The weather was cool on Sunday and lots of rain, but the run was good.  I got to 7.5 miles when the thunder started.  I texted my son to come pick me up (as I do not run in storms) and by the time he got to me, it was thundering and lightening all around me.  I got home safely and totally soaked and went up to get in a shower.  I used the bathroom and… yes… bloody urine again.

So now I realized, this wasn’t a one time thing and it was connected to running.  I’ve had lots of injuries over the past few years of running, but this one took the cake.  So Monday I made an appointment with a urologist and waited to see what was happening to me.

Fortunately it wasn’t something horrible.  I had a stone in my bladder and when I would run, the stone would literally cut my bladder and make me bleed.  So I had to stop running until I could get this stone out of me surgically.  My doctor was able to schedule me for last Wednesday, so I went in, got it out and came home.

Finally yesterday I ran and had no problems.  It was such a relief to run and not bleed.  Crazy me writing that, but it is true.

I hope that all these seemingly unrelated problems are now over and I can get back to training for my half marathon at the end of December. I have new shoes, a fixed up body and am ready to head out.

One cool thing is that my urologist commented that it is incredibly rare for someone to lose nearly 100 lbs by diet and exercise. He said in all his years of practice he only knows of about a dozen people who have done that successfully.  I admit, that made my day.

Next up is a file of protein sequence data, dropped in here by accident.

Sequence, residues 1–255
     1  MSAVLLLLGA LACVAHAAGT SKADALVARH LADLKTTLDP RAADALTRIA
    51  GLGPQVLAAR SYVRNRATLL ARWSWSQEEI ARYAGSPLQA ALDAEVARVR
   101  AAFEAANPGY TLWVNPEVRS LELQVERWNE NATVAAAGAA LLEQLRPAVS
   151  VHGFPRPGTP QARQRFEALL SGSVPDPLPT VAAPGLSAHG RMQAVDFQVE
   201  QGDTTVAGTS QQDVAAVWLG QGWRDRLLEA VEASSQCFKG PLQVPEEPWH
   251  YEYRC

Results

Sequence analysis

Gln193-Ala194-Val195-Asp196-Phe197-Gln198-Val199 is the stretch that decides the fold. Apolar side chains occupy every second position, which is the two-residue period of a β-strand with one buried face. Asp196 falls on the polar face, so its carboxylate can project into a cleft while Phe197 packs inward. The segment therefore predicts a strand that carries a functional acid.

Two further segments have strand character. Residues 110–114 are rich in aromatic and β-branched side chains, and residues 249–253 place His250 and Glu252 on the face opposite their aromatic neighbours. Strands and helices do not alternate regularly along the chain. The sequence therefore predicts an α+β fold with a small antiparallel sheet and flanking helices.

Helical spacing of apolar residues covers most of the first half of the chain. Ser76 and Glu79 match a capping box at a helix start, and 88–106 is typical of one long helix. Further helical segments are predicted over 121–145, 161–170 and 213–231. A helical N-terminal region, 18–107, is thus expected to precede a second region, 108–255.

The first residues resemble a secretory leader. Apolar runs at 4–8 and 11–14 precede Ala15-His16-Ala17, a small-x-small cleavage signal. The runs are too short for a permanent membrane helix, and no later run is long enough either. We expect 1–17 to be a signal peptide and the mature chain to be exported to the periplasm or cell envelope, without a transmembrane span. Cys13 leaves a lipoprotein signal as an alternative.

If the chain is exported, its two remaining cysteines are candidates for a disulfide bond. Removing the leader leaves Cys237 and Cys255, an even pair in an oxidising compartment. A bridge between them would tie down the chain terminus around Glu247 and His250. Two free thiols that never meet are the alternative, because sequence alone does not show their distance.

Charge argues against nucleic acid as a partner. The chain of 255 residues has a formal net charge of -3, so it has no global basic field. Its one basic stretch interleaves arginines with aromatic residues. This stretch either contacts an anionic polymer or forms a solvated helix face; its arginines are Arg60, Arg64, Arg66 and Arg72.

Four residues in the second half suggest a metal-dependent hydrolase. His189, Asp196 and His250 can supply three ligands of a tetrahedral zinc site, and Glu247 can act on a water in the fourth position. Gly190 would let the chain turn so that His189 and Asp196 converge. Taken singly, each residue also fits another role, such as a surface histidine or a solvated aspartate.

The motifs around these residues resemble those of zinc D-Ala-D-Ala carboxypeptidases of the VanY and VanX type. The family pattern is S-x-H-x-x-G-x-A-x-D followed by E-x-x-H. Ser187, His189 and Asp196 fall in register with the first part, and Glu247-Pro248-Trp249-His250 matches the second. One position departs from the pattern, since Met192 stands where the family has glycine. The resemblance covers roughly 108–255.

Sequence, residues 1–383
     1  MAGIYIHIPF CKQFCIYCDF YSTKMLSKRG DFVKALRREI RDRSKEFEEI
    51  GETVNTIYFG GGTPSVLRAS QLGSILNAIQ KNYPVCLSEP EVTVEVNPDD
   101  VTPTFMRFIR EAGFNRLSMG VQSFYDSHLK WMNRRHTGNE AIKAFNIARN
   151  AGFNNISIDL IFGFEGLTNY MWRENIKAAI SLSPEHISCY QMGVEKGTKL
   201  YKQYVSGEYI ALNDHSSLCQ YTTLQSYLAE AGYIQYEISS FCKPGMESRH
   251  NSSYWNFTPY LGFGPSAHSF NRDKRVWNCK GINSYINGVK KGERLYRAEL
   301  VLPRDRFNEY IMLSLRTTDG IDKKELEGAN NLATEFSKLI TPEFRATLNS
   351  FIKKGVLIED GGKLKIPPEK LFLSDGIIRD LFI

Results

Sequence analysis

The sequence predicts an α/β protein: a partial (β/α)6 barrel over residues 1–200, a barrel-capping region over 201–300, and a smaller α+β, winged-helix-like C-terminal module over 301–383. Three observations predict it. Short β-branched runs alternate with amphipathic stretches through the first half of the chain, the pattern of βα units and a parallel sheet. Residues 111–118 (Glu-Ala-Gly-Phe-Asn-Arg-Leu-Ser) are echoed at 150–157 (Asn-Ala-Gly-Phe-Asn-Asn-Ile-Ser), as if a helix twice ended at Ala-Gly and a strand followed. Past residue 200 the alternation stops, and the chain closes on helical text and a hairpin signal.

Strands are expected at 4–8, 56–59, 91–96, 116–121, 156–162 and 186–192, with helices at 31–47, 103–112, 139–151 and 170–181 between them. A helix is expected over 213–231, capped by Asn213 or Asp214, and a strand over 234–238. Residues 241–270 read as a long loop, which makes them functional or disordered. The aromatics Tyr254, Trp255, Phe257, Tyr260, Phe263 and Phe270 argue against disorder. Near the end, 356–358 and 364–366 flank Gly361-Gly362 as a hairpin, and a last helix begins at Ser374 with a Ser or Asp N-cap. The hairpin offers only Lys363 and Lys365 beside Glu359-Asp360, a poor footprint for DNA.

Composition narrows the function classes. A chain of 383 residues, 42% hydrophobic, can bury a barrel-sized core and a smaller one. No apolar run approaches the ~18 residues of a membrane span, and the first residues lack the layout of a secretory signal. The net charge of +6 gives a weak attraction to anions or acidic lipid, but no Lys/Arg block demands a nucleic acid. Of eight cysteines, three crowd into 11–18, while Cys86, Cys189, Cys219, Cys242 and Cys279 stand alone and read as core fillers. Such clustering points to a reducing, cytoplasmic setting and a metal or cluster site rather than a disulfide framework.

Tom

From 110 to 8 – why I’m thankful #WeAreThankful

I was thinking to myself during my hill run yesterday…

I’m thankful I can breath!

I’ve been running now for several years.  My Nike app says that I have run 2,993 miles.  7 more miles to a total of 3,000. Wow.

They say running can be bad for your heart.  They say that long runs can damage a heart.  I say that breathing is much more important then the alternative.  Running these 2,993 miles has change me, made my life happier, given me more freedom in life, made my family life better, reduced my heath care costs and prolonged my life by possibly 30 years.

I’m thankful I can breath!

My Grandfather died at my age.  He was my height.  He was overweight, as I was 3 years ago.  In the prime of his life, it was over.

My Mom was always concerned about my weight.  Others were also, but she had reason as I was the same stature as her dad.  Hmmm, would I live past my early 50s?

What does the title of this post mean?  I’ll tell you.